If the addressee is not at home, the document can be delivered to any other person present, including minors over the age of 15. The bailiff states in his report that the document has been delivered. If the document is delivered to a third party, it should be in a sealed envelope to ensure that the third party cannot read it without opening the envelope.
If the addressee is not at home but the address is correct, the bailiff leaves a copy of the document and a transit advice note in the letterbox in a sealed envelope. He then sends the addressee a second copy by normal delivery at the latest on the first working day following his visit. The bailiff draws up a report of these procedures, which is attached to the original document served.
If the bailiff finds nobody at home and there is doubt regarding the address (e.g. if there is no letterbox), he makes enquiries to verify where the addressee may be. The result of these inquiries is recorded in an “affidavit of attempted service”.
If the document is sent by recorded delivery, the acknowledgement of receipt serves as proof. If the document is served by bailiff, the bailiff draws up a report of the procedures he has carried out. The bailiff is a professional officer. His report serves as proof unless forgery is proved.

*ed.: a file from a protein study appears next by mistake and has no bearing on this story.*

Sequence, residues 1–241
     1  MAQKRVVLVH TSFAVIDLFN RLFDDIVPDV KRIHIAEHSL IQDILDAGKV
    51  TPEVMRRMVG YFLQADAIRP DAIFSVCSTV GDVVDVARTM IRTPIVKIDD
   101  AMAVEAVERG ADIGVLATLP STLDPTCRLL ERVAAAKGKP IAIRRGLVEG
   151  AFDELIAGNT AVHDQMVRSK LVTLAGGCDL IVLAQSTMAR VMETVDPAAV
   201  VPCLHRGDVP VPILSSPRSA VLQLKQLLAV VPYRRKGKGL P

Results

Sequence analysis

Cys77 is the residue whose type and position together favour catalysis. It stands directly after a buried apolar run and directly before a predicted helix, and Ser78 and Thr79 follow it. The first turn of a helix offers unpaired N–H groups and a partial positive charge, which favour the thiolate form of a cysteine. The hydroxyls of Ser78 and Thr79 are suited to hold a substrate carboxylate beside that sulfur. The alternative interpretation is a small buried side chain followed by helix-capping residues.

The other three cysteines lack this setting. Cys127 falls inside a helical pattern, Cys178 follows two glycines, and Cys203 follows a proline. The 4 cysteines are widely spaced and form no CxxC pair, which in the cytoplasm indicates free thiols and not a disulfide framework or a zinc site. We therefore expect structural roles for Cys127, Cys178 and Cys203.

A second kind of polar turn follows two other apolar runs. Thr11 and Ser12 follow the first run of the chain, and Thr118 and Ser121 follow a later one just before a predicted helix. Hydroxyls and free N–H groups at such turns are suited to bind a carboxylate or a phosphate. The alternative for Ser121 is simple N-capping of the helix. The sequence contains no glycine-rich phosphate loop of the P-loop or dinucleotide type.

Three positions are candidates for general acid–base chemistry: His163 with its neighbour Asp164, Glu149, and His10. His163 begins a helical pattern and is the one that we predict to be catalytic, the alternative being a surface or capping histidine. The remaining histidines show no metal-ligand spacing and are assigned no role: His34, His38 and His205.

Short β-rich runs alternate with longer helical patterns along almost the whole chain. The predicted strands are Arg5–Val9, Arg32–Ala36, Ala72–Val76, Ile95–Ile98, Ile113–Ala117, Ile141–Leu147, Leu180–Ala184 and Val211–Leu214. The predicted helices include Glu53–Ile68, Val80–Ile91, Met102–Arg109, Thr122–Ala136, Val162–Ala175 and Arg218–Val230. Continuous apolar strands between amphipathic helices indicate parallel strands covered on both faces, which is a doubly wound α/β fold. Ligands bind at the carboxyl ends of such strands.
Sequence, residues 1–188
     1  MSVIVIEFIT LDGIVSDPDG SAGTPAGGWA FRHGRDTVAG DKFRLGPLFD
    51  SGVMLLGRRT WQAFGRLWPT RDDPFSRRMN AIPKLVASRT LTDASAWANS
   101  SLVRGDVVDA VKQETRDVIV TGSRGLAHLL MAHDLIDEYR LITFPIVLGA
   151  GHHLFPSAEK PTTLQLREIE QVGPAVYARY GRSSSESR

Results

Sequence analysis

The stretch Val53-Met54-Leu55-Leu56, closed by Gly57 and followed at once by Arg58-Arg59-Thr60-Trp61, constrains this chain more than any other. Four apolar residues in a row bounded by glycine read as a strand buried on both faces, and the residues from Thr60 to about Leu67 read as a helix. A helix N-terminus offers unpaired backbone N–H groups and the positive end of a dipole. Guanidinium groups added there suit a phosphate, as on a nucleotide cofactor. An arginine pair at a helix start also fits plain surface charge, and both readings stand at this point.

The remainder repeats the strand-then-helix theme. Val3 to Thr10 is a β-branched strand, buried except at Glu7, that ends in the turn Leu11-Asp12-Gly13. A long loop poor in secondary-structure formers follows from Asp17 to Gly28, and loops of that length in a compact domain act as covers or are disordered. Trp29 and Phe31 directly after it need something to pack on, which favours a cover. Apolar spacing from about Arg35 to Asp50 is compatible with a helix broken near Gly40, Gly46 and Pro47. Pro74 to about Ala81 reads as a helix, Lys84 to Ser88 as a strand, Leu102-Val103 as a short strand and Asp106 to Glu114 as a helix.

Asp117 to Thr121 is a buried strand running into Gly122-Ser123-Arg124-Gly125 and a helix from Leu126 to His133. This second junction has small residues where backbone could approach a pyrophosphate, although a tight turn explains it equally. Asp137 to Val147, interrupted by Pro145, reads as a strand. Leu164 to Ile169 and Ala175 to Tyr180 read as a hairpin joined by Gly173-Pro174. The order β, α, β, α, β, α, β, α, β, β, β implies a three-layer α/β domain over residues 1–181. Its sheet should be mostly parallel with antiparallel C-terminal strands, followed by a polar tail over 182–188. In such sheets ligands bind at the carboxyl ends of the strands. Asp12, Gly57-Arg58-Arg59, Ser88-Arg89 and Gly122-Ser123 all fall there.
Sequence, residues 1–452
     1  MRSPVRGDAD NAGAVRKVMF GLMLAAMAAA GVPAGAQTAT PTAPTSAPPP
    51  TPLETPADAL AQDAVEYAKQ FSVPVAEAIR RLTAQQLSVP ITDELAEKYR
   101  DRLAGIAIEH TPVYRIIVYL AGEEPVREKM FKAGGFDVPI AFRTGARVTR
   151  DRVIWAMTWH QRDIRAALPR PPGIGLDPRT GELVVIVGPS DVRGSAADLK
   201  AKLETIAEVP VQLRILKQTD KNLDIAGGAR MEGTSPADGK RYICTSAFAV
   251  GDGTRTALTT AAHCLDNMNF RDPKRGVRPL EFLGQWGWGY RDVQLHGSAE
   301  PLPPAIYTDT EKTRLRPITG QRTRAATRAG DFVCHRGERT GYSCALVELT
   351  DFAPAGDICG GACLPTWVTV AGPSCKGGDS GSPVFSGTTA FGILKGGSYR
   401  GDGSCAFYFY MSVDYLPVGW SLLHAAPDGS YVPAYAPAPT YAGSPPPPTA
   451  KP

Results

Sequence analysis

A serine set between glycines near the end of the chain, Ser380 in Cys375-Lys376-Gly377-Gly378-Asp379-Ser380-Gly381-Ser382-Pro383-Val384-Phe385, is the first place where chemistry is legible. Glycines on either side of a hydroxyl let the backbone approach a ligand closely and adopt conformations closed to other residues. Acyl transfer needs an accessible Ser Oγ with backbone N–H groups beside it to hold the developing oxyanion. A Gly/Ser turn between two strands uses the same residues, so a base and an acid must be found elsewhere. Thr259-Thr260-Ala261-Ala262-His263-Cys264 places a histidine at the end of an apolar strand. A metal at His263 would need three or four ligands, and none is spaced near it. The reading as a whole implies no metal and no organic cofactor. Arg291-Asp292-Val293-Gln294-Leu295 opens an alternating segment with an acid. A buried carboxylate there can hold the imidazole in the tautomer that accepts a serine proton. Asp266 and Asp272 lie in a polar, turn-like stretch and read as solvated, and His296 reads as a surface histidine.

If the formal requirements for the service of documents are violated, the service may be declared null and void.
Service of the document can be pronounced null and void on the grounds of a technicality only if this technicality has adversely affected the addressee.
It is for the judge must decide on this point.
If it has not been possible to serve the document on the addressee in person and the addressee has not appeared, the judge may ask the person serving the document to reserve it. This is in order to clear up any doubt as to why the party concerned has failed to appear.
In procedures in which the parties are normally summoned by the court registry, the judge may also ask the person serving the document to serve it by bailiff if there are doubts as to the validity of the service carried out by recorded delivery.
Lastly, the judge may not hand down a judgment considered to be against the party who has failed to appear at the hearing unless it has been established that the party has been notified in person. If this is not the case (e.g. if the summons was delivered to another person at the address), the judgment is handed down in absentia and the party has the option of asking to have his case retried.
Service by the court registry is free. Under Luxembourg law there is a fixed charge for bailiff service.Top
Last update: 19-07-2006